Finland’s Minister for Foreign Affairs Pekka Haavisto on Thursday raised concerns about the situation in Jammu and Kashmir, and said India should allow United Nations observers and diplomatic missions to visit the region to get first-hand experience, The Hindu reported.
Haavisto is on a four-day visit to India and held discussions with External Affairs Minister S Jaishankar on a range of matters. The two ministers had met last month also in Finland’s capital Helsinki.
In an interview to The Hindu, Haavisto said both their meetings included honest and in-depth discussions about Kashmir situation. “In Helsinki we had raised the question, and had been given an explanation on the government’s efforts to calm the region and fight against terrorism etc,” he said. “At that time, we had expressed our concerns about human rights and freedom of speech and the detention of politicians. We had the same agenda during this visit, and want to ask about the possibility to have international observers, including UN observers to travel up to Kashmir.”
He suggested that at least the diplomatic community based in New Delhi could visit the region to instill confidence about the ground situation. “Transparency of the situation is better as, otherwise, all kinds of rumours and reports are floating around,” the foreign minister said.
Haavisto called for a final settlement of tensions between India and Pakistan and said they are “unsustainable”. “They must find a way to sit down and finding a solution, but this has to be an initiative of the region,” he said.
EU MPs’ Kashmir trip
Haavisto said the unofficial delegation of members of the European Parliament that visited Jammu and Kashmir last month was not a politically-balanced team. “I don’t want to criticise if anyone is travelling and reporting about the situation in Kashmir, but it is good if people who have expertise about the situation in this region or on human rights, freedom of the media issues etc are involved,” he stressed. “As a former UN person, I would rely on United Nations observers, and in this kind of situation they may be the most unbiased.”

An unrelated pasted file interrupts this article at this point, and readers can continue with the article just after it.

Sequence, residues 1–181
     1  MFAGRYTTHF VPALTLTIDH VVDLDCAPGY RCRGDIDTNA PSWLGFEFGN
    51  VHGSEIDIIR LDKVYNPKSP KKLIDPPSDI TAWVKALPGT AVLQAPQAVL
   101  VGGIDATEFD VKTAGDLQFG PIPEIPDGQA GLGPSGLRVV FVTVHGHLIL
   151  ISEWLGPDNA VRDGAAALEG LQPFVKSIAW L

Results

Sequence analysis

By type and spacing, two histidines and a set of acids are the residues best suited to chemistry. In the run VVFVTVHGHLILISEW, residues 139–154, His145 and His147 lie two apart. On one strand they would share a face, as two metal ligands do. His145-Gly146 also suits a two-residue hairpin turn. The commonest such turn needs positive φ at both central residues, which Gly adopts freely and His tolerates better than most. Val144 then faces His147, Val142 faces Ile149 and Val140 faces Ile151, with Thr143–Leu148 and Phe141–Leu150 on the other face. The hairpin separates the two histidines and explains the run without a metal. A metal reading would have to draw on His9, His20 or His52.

Questions were raised about the manner in which the 23 European Union parliamentarians’ two-day trip to the region was organised. They were the first foreign group to visit Jammu and Kashmir since India scrapped its special status on August 5 and imposed prohibitory orders. After their visit, the MEPs said India’s moves in the region were the country’s internal matter. Most of them belonged to right-wing, nationalist parties.
Haavisto said his counterpart Jaishankar took note of Finland’s views on the matter but nothing else has happened yet.
Asked about German Chancellor Angela Merkel’s comments last week that the current situation in Kashmir is “not sustainable” and needs to change, he said: “Shops are not open, people can’t go to work, or others are not able to harvest [crops]. News like this normally means that economic development is worsening too, and people’s livelihoods are becoming difficult, so this is also a concern.”
New Delhi maintains that the whole of Kashmir, including Pakistan-occupied Kashmir, is an integral part of India, and its internal matter. On August 5, the government scrapped the special status of the erstwhile state of Jammu and Kashmir under Article 370 of the Indian Constitution and imposed prohibitory orders. It also bifurcated the state into two Union Territories – Jammu and Kashmir, and Ladakh.
The restrictions have gradually been eased in Kashmir, with mobile phone connectivity restored and schools and colleges reopened. However, an internet ban continues, and senior leaders of local political parties remain in detention. There have also been reports of clashes between security personnel and protestors.
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